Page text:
Cotton: Futures favored the downside in choppy trade today and ultimately settled 45 to 53 points lower, with nearby contracts leading losses. Importantly, futures found support at the 40-day moving average. Cotton futures faced some profit-taking today that was likely at least in part encouraged by early strength in the U.S. dollar index. The greenback pushed to its highest level in a year in early trade, though it has since backed off its daily high to trade near breakeven. Traders were also unimpressed by export sales of 12,900 running bales (RB) for 2017-18 and 247,700 MT for 2018-19 the week ended July 12. Exports were also down a third from the prior four-week average. But overall export commitments are still running ahead of what’s needed to meet USDA’s recently increased export projection for 2017-18 with just two weeks remaining until the marketing year ends.
On the other hand, selling was tempered to some degree by concerns about the impact of heat and dryness on the 2018-19 cotton crop. Excessive heat warnings and heat advisories are in effect across much of Texas and neighboring areas. And the Seasonal Drought Outlook calls for drought to persist or develop in the months ahead for Texas as long-range forecasts favor continued warmth and dryness.
Hogs: Lean hog futures closed up 5 and 30 cents in the August and October contracts, respectively, while December hogs finished down 15 cents. Prices finished low-range. The hog market attempted to stabilize today after August futures fell to another contract low early. Some value buying and short-covering were featured today. Also mildly supportive for hog futures was the discount futures hold to the cash hog market. But corrective buying was limited. Midday pork product prices rose 51 cents, led by higher loins and bellies. Movement was modest at 155.48 loads. USDA reported the average cash hog price $1.35 lower this morning, at a weighted average of $69.22. With weekly hog slaughter running 4.7% ahead of last year through today’ s estimate, there are plentiful market-ready supplies, which will keep the cash hog market under pressure.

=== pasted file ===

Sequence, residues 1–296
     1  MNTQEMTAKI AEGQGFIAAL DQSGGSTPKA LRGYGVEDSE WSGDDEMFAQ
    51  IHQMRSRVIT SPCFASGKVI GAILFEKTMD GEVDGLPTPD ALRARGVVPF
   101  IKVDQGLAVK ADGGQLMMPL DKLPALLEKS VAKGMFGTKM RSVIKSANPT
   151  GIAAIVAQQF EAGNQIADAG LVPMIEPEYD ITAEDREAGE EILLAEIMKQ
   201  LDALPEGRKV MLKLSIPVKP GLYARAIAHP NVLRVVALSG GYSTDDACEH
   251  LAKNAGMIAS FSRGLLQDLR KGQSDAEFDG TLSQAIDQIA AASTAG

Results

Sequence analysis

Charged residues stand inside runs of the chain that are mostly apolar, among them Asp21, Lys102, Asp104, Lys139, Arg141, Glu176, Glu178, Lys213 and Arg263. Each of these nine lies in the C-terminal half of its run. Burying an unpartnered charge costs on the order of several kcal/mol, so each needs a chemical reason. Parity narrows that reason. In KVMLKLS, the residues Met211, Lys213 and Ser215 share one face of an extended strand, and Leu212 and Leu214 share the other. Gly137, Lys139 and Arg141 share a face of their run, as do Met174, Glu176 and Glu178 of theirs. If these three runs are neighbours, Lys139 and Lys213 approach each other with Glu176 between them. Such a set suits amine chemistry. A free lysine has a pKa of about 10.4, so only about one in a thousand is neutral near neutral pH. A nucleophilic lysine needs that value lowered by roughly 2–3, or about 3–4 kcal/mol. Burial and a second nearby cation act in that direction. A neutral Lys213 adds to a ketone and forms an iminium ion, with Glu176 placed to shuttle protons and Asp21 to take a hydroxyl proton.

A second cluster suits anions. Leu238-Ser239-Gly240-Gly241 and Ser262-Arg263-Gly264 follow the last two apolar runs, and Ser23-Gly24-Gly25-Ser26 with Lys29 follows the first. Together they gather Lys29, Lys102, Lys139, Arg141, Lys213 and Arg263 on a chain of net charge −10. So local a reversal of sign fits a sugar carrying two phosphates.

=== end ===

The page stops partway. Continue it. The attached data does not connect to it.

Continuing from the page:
Cattle: Live cattle futures finished narrowly mixed, ranging from 5 cents lower to 22 1/2 cents higher. Feeder cattle were also narrowly mixed today, ranging from 25 cents lower to 20 cents higher. Cattle futures struggled to find much followthrough buying today, despite a high-range close Wednesday and initial cash cattle trade at higher prices. Light cash cattle trade so far this week has taken place around $112, which is up $1.50 from last week’s average. While nearby live cattle futures are trading well below that level and the cash market has performed better than many traders feared so far, traders are reluctant to push futures much higher. Much of tomorrow’s price action will hinge on positioning ahead of USDA’s Cattle on Feed and Cattle Inventory Reports Friday afternoon. With managed money accounts long live cattle, it’s unlikely there will be active buying ahead of the reports unless more active cash trade occurs at $112 or higher prices.